As banks and credit unions start considering logistics, booking hotels, and pontificating chicken or beef menu options for their upcoming summer and fall strategic planning sessions, I’d like to offer what I think will shape up to be a key strategic issue that should be on the agenda. We have a banking model that frankly hasn’t changed all that much in the past 50 years. A key driver of that has been a fairly steadily rising economy with some modest ups and downs. Incomes have grown, the job market has expanded, and increased access to education has driven a growing middle class.
The Great Recession changed all that. Our economy has been riven in the past four years leaving no stone unturned – housing, the banking industry, unemployment, wild commodity swings, the auto and manufacturing industries, and the list goes on. The only silver lining has been relatively tame inflation. This tsunami of unintended consequences has had a profound impact on businesses and citizens across the country.
Based on research by stalwart Cornerstone Analyst Ryan Brogan, the impact of the sour economy on households and individuals has resulted in some sobering statistics.
Since the start of the financial debacle in 2008 through 2011, there have been approximately 11 million foreclosures in the United States (including default notices, scheduled auctions and bank repossessions). This figure doesn’t even account for the potentially millions of homes that have been delayed in the foreclosure pipeline as the five largest lenders waited to ink a settlement agreement with 49 state attorneys general in February. While the pandemic has been widespread, roughly 20 states have had moderate to high levels of foreclosures including the most newsworthy like Florida, Arizona, California and Nevada. While many of these “hot” markets have seen foreclosure activity decrease, in comparing Q1 2011 with Q1 2012, a number of the “cooler” states have actually seen a huge uptick in default notices and foreclosure actions in states like Maryland (up 100%), Illinois (up 141%), Pennsylvania (up 112%) and Indiana (up 141%). These numbers indicate that the end to the mortgage mess may still be a loooong way off. In the six-year period of 2008-2013, I think it is entirely plausible that we may be faced with 15 million foreclosures affecting the credit ratings of 25 million+ people.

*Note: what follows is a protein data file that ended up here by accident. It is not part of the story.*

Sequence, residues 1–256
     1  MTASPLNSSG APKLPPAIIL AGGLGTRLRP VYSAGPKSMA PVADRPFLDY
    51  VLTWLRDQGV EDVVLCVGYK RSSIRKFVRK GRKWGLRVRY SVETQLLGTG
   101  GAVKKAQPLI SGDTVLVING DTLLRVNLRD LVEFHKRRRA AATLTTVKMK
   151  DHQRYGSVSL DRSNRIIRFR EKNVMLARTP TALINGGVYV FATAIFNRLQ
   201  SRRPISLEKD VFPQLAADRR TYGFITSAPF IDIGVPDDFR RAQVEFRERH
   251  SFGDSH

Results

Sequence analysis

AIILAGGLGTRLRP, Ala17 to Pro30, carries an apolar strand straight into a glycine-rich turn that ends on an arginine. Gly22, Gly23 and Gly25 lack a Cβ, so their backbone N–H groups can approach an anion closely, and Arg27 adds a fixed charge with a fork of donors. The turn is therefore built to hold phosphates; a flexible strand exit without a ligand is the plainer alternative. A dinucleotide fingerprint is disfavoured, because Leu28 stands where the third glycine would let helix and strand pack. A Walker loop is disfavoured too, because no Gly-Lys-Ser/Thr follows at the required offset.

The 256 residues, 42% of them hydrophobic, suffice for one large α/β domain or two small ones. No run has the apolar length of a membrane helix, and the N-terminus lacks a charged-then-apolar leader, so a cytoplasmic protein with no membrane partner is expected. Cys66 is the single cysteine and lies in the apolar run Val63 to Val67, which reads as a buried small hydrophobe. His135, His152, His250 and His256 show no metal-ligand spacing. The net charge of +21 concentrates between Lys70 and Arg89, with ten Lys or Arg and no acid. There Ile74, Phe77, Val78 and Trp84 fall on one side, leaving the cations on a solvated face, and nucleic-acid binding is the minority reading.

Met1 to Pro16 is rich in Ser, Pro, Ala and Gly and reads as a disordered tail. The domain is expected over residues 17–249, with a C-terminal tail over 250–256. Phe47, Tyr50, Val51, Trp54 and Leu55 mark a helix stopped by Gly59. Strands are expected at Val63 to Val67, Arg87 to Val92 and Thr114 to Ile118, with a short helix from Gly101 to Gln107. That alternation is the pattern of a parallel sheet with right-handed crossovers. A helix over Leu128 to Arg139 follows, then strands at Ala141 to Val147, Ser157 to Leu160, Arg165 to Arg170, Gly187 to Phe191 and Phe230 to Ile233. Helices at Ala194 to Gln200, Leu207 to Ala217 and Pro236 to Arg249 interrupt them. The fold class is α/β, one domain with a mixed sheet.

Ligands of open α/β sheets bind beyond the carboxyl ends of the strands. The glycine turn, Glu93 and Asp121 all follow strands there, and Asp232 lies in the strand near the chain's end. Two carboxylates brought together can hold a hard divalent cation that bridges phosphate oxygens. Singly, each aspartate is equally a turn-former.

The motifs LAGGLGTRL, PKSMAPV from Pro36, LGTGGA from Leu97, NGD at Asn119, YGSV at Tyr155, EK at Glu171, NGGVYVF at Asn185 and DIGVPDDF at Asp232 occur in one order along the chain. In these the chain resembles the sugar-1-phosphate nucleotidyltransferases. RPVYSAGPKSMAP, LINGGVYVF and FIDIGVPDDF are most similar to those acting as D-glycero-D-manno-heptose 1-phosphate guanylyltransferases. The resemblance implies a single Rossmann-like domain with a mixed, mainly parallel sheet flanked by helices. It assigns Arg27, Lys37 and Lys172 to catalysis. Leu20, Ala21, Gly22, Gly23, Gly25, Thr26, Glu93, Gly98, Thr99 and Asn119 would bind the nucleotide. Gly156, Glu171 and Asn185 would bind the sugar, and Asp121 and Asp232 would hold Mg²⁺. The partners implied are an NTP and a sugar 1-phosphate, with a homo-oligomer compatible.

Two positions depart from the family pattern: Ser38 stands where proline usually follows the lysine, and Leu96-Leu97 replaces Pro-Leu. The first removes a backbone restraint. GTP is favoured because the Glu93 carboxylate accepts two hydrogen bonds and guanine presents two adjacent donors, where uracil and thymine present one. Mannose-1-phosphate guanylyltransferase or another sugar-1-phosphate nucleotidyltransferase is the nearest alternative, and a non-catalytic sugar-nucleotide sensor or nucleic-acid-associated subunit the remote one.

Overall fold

Of course it wasn’t only homeowners that were caught in the twister. The Great Recession also forced millions of working Americans who lost their jobs and millions of seniors who watched their retirement nest egg shrink into oblivion with a falling stock market to fund their day-to-day needs with their good ol’ credit cards.
The chart below shows the spike in credit card charge-offs that occurred with the onset of the economic crisis – and yes, those numbers are “billions.”
|National Credit Card Delinquency and Charge-Off Rates|